lawschoolhelp wrote: dukelawguy144 wrote: Boilernation11 wrote:
kalvano wrote:OP, study hard and do well on the LSAT so you can be a lawyer. By default, you'll be a better lawyer than dukelawguy.
very true but i think all of us will be better lawyers than dukelawguy!
ok some of you may be better lawyers but the truth is...you will have to work 100 times harder to even get the remote level of respect I will have with my degree. Sorry, it's just the way it is. Low tier graduates have it much harder in this field. It's possible you will achieve the same thing that a t14 grad will, but the odds are not in your favor
Also OP, yea it's difficult to manage school and work. But I was president of my frat and worked while I was in school, so LS wont think of that as a valid excuse....
Dukelawguy144, people like you make me question duke's reputation. Also, people could say that you will never have the respect of a Harvard, Yale, Upenn, Columbia, NYU, Chicago, and Berkley graduate....Why do you need to put other people down? Some people face adversity when trying to achieve their goal. My boyfriend, struggled a lot with the LSATs for example, got scores in the 150s and then got a 173. He is going to attend Columbia now. But people were saying when he was scoring in the 150's that he no shot at a top14 school. I know its not the same thing as OP, but the point is, you can achieve your goals even if you have some trouble along the way.
Dukelawguy- your posts are negative and unnecessary
TBF, I am pretty sure that guy is not at Duke yet. I don't even know if we let him in or not. Don't judge us all by him. (I have a feeling if he is like his online persona in this thread he is going to be like Tucker Max and HATE it here. We are likely too friendly and nerdy for his tastes. However, I am ready and willing to be proven wrong. He is likely a cool, friendly guy in real life.)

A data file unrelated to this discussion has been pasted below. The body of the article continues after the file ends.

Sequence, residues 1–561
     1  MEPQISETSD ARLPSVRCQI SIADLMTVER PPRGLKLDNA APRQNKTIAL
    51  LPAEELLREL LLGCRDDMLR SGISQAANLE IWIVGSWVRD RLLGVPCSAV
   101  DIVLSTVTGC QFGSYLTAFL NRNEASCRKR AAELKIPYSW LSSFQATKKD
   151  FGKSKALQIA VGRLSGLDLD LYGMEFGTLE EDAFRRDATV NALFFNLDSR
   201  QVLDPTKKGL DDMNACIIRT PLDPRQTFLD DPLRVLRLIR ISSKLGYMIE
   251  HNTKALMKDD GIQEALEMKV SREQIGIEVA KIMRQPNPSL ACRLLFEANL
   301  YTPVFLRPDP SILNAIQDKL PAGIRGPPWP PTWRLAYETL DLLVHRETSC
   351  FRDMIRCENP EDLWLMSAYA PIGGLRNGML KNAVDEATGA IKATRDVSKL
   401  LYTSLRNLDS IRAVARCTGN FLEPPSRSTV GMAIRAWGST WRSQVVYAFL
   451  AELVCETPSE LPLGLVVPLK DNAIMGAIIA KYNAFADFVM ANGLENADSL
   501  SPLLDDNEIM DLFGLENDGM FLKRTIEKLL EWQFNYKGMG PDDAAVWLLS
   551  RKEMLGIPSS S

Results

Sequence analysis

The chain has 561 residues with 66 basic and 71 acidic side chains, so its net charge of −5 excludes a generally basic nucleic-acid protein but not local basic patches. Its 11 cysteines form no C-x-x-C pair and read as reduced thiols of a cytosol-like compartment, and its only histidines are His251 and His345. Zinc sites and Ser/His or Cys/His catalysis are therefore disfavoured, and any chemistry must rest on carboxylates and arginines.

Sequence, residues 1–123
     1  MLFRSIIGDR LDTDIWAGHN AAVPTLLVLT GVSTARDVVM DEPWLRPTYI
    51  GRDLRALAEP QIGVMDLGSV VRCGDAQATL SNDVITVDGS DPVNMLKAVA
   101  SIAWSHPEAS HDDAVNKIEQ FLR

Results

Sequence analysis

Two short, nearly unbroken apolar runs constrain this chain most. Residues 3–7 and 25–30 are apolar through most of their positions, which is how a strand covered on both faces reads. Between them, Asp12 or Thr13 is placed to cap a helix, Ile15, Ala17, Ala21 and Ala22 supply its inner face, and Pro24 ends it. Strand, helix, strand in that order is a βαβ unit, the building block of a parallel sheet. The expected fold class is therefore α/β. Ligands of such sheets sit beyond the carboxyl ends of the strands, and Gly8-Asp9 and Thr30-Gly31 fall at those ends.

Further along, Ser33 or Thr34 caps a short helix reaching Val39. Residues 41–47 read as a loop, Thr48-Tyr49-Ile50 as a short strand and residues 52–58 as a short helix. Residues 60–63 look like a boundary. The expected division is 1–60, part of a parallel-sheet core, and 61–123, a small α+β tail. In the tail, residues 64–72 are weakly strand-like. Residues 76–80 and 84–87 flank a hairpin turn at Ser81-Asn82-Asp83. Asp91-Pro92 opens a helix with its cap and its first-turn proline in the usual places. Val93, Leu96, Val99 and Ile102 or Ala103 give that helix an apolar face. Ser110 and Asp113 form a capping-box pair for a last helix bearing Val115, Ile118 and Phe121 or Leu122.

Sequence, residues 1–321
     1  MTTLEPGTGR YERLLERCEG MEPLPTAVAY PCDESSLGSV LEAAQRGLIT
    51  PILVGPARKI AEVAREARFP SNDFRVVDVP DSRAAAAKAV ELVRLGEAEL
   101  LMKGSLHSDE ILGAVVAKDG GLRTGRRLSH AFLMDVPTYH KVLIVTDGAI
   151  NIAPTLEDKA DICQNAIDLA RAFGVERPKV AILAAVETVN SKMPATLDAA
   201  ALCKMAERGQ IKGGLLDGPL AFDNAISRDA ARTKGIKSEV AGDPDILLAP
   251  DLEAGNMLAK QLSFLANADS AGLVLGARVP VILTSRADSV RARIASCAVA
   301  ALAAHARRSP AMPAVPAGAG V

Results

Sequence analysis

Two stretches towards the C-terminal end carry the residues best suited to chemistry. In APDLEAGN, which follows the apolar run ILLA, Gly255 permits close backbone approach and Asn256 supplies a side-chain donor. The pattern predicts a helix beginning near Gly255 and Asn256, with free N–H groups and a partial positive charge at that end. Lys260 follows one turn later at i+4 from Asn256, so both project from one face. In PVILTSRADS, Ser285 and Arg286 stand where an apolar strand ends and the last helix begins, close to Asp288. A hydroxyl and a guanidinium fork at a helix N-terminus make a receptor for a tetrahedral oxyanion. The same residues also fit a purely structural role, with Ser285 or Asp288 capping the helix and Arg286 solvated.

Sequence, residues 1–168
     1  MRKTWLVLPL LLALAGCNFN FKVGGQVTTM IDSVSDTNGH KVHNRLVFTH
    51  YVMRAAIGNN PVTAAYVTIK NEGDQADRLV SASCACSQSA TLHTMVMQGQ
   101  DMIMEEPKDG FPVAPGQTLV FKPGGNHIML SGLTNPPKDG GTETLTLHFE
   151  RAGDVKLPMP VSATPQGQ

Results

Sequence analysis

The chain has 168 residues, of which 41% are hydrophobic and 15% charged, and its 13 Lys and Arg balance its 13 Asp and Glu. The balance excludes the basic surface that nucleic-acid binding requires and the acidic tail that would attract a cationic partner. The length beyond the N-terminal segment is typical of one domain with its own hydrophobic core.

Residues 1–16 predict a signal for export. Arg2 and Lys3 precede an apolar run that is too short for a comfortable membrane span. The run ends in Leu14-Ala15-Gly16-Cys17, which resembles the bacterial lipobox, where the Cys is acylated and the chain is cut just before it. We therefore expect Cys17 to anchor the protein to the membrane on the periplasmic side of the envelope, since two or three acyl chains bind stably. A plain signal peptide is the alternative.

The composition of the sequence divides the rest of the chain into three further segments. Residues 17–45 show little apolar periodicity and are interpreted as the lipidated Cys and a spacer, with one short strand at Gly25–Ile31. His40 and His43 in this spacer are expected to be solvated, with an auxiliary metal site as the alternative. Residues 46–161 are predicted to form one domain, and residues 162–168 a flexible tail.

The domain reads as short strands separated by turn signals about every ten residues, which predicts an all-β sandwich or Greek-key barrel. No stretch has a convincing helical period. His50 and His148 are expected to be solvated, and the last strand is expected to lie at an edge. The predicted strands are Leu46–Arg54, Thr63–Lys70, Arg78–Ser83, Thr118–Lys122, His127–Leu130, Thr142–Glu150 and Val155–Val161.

But again TBF, although he is being rather caustic about it he has some legitimate points. OP, you should try your darnedest to highlight that your Major GPA is higher than your overall one, but I would not count on that doing you a lot of good. Law schools tend to care about the LSAC GPA and the LSAC GPA only. There is not going to be a way to completely negate that 2.86-it will hurt you. you just need to construct your applications in a way that takes that into account.
Also, if you end up at a school ranked in the 70s, you do need to be aware of what that means. They are all great schools, I know a lot of fantastic lawyers from schools in that range. But it is harder to find a job outside of the state the school is in coming from those schools. It can be done certainly (some of the lawyers I am thinking about have moved across country with their degrees) but you will likely need to work in the area for a while first.
OP, I think I would advise you not to apply to law school... yet. Go get some work experience. Not only will it make you a stronger candidate and give you something to talk about on your application, it will also likely help with getting a real job once you are done with law school and most importantly distance yourself a little from that GPA. Schools are a lot friendlier to splitters with work experience than splitters without it.
PS - One more thing I have noticed. LSH, I know you were overstating to counteract the other guy, but from what I have seen you are wrong about the respect. In the actual practicing legal world, it seems like the T14 (with maybe the exception of HYS) all get about the same level of respect. In fact, I would lump Texas, Vandy, USC, and UCLA in there too. And going down from there it is not as big a drop off as law students and law school applicants typically think. Where the difference is made is in hiring, not the respect you get for your degree. May seem like I am splitting hairs, but hopefully you understand what I mean.